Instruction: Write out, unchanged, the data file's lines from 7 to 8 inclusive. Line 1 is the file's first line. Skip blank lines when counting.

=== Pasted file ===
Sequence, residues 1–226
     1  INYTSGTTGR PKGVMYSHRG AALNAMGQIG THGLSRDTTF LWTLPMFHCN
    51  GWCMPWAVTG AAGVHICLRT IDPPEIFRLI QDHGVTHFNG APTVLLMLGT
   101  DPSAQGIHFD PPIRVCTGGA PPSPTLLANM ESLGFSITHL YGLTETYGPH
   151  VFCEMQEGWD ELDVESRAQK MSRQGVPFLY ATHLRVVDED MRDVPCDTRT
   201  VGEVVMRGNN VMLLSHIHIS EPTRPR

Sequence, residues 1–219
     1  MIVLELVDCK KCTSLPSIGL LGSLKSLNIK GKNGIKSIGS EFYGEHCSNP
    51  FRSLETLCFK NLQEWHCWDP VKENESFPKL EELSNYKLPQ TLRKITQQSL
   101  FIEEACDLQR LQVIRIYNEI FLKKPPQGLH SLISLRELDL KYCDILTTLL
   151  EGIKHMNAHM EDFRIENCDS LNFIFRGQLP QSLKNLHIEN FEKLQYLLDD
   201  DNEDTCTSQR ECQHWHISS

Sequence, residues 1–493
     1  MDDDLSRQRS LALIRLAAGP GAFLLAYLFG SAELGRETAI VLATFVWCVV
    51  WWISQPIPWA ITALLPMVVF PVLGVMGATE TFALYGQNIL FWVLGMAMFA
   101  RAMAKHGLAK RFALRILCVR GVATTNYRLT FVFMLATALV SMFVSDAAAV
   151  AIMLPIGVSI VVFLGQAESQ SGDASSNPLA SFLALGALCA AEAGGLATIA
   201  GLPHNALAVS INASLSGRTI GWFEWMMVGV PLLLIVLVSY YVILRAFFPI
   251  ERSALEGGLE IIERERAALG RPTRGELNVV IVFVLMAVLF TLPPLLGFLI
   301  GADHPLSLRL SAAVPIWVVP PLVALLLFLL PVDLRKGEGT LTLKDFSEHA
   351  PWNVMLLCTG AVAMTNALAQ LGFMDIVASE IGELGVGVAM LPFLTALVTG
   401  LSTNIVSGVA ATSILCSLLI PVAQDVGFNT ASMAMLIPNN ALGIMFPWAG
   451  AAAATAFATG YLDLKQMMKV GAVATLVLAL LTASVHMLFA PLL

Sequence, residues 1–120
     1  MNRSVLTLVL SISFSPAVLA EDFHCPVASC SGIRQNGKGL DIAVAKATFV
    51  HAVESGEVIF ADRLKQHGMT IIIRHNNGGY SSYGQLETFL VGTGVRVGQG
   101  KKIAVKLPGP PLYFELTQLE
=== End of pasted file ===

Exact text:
Sequence, residues 1–219
     1  MIVLELVDCK KCTSLPSIGL LGSLKSLNIK GKNGIKSIGS EFYGEHCSNP